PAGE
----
Teachers’ Unions

Chicago city schools have received a lot of press attention lately due to Mayor Rahm Emanuel’s push for a longer school day. Mayor Emanuel wanted the teachers’ union to vote to implement longer school days for the current school year. However, that action was voted against in the teachers’ union because the teachers felt it would be a violation of their contract. And, indeed, it probably would have been. As teachers, we are constantly being asked to do more, increase hours, etc. with no increase in pay.

However, some individual schools chose to have the teachers at that specific school vote on whether or not the school day should be lengthened at that specific school. Thirteen schools have already implemented a 90-minute longer school day. Chicago has one of the shortest school days and shortest school years among major cities in the nation.

How can a teachers’ union help in this case? Help comes in the form of people, such as the Chicago Teachers Union President Karen Lewis, who made sure teachers’ voices were heard among the cacophony of cries to lengthen the school day. Teachers had the opportunity to voice their opinions, and at some schools, teachers chose to vote to lengthen the school day.

A longer school day is not the issue at stake here, however. The issue is making sure that educators’ rights are protected and that, at the end of the day, students are also receiving the best possible education. Another debate on lengthening the school day is imminent.

For a recent article on the lengthened school day debate in Chicago, click here.


5 thoughts on “Teachers’ Unions

  1. I think the real problem here is not the amount of time most kids spend in school, but when we spend it. The long summer breaks, as much as we all enjoy them need to go. We should have four 2 week breaks after every 9 weeks of school. This would allow plenty of time for vacations all through the year and traditional holidays like Christmas and 4th of July. Additionally, starting school before 8 a.m. is just dumb. Many schools start too early in the morning when kids brains simply don’t function well. If the entire country adopted this as a norm, our kids would get a much better education with fewer gaps.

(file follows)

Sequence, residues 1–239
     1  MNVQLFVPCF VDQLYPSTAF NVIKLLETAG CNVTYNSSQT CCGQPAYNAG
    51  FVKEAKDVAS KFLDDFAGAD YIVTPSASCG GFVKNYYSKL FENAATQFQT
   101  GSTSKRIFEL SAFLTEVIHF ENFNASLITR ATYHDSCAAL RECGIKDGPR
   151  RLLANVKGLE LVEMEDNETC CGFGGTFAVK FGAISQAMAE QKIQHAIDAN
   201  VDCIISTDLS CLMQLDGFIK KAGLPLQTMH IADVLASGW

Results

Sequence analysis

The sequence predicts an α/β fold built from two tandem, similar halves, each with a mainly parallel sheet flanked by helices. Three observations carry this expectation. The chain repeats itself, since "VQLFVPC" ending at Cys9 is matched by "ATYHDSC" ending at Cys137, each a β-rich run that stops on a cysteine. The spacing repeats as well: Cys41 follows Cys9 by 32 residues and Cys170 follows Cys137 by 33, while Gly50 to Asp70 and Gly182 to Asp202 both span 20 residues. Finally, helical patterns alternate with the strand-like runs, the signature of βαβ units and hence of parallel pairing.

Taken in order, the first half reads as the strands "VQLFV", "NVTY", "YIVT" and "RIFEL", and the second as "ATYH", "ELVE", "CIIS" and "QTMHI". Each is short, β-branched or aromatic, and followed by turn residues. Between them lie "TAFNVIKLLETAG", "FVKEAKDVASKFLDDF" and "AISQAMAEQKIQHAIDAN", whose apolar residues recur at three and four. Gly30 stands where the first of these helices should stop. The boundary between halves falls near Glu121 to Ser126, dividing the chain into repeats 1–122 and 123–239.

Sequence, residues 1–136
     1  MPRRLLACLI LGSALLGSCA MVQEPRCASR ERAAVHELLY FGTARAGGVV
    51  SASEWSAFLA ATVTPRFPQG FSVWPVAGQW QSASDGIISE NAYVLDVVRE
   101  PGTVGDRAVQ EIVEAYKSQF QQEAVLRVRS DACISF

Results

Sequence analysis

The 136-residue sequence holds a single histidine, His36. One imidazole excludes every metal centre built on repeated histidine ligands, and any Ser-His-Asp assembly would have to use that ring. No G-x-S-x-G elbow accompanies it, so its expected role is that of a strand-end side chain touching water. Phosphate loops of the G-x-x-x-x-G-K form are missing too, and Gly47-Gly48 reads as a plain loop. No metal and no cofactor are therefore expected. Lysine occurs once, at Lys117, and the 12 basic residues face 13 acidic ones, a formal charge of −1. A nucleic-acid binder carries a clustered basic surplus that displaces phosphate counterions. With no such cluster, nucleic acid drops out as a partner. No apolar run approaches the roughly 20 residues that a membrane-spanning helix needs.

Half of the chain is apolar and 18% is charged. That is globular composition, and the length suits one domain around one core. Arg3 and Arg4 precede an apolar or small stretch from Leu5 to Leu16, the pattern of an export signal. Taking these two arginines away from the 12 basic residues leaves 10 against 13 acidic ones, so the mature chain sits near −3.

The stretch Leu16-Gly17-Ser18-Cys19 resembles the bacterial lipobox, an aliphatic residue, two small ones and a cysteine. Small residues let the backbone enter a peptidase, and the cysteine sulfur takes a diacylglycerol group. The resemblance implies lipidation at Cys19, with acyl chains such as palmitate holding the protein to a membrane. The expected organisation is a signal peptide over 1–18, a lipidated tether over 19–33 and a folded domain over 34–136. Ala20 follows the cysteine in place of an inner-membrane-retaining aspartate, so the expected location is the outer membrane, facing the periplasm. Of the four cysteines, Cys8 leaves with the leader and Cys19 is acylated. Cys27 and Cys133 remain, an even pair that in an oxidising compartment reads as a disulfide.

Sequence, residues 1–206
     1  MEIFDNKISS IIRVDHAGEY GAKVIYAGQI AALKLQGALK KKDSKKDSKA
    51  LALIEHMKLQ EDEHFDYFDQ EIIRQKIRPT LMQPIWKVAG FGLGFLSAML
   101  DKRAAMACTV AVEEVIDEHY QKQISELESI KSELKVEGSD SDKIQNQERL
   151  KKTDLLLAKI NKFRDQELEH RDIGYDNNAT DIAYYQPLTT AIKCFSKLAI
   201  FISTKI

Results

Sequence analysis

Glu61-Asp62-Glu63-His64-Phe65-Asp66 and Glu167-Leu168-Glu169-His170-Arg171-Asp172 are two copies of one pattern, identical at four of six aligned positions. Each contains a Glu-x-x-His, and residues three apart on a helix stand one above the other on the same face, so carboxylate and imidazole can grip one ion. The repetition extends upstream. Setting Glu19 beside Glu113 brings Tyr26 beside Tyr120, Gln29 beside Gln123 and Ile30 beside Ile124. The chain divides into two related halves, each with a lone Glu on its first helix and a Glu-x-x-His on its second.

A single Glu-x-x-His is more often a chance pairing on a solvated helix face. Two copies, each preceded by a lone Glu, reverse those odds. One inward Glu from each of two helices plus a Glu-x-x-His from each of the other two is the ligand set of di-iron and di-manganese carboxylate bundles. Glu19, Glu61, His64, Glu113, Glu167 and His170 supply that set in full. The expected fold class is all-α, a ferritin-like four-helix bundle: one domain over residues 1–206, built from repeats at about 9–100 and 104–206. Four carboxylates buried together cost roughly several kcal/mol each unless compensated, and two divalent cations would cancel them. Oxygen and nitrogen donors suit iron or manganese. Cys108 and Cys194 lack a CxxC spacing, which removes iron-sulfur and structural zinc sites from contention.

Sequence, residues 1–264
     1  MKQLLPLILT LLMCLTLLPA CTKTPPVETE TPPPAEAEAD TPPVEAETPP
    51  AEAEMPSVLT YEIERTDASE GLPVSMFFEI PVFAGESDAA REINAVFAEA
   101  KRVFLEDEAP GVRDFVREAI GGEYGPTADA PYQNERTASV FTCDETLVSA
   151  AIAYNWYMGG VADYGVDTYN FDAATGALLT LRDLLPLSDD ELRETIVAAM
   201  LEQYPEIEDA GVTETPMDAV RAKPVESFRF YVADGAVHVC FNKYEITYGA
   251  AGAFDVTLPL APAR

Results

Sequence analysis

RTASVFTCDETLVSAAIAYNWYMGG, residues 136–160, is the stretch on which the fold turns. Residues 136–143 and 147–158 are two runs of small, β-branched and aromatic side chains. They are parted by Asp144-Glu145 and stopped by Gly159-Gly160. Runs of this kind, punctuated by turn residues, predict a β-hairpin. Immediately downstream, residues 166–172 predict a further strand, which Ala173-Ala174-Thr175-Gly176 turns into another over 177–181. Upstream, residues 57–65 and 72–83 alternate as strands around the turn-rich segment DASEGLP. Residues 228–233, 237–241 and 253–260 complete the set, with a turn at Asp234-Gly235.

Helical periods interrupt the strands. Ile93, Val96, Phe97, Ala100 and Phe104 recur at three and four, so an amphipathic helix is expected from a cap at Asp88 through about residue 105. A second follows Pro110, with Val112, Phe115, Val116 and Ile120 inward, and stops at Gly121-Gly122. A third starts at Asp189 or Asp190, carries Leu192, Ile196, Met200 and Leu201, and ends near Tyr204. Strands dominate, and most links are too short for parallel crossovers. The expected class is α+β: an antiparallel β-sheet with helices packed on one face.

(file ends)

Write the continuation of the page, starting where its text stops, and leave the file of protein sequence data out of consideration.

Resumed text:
2. Interesting point @teach_j. Many schools in Chicago are track E schools and have gone to this year-long schooling model that you suggest. They are in the 2nd or 3rd year of the year-round schooling.

  3. Fresno gave up on all its year round schools after about 12 years. It does not work. It does not make for better students. It wears out the teachers and it wears out the schools. There is just never any time to properly maintain them. It’s confusing for those with kids at traditional schools, like high schools, as well as year round schools. It will be almost impossible to change to year round schools for high schools due to sports and college admissions. Although it sounds good in theory, in does not work in practice.

  4. @Delaine Zody: How long ago did Fresno have year round schools? Just curious. In Chicago it works out that the Track E schools still get out the same time in June as the rest of the schools, but go back one month earlier in August. They still get a fairly substantial 5-6 week summer break. Other smaller breaks throughout the year are 2-3 weeks.

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